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COMPUTING

From...
Computerworld

Y2K 'repairs' could open door for billion-dollar thefts

July 19, 1999
Web posted at: 12:43 p.m. EDT (1643 GMT)

by Thomas Hoffman
y2k

 ALSO
   In-Depth Special: Looking at the Y2K Bug

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(IDG) -- Don't be surprised if crackers make off with at least one electronic heist in the $1 billion range by taking advantage of the year 2000 problem, according to a new report from Gartner Group Inc.

Gartner believes that contractors and programmers hired by companies to make Y2K fixes may have left "trapdoors" to move money between accounts.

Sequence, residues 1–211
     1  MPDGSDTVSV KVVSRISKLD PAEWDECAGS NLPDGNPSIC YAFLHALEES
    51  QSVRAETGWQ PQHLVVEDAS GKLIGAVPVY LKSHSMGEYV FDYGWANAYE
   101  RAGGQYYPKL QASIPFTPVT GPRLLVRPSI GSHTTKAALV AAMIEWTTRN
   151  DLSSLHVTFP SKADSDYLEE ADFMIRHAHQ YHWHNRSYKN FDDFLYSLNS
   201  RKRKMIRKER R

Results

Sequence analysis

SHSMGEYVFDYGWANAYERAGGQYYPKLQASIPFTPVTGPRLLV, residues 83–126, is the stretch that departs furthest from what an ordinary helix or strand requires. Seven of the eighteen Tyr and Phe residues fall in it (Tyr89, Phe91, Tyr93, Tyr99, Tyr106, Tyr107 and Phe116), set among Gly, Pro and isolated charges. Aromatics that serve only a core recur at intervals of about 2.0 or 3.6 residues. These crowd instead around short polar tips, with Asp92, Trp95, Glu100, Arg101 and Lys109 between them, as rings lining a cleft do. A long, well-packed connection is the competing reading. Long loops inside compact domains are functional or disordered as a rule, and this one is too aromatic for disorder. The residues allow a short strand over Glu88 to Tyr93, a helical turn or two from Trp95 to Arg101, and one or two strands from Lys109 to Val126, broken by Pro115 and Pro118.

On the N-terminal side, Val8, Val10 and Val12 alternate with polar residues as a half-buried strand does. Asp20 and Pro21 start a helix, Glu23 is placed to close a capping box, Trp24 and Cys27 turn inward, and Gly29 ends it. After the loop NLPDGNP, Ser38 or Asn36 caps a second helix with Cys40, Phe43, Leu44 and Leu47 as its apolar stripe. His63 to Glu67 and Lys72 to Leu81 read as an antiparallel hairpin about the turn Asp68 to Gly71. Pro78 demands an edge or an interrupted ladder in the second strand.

"The likely perpetrator would be a highly skilled software engineer who has worked on Y2K remediation efforts and understands both computer systems and the underlying business processes," Gartner said in a statement Friday (link below). "...The worst-case scenario for theft would include a highly skilled software engineer involved with Y2K remediation who feels unrecognized or unappreciated."

An opportunity for theft could occur when a system crashes and repairs are made by a single software engineer without usual oversight and review, Gartner said.


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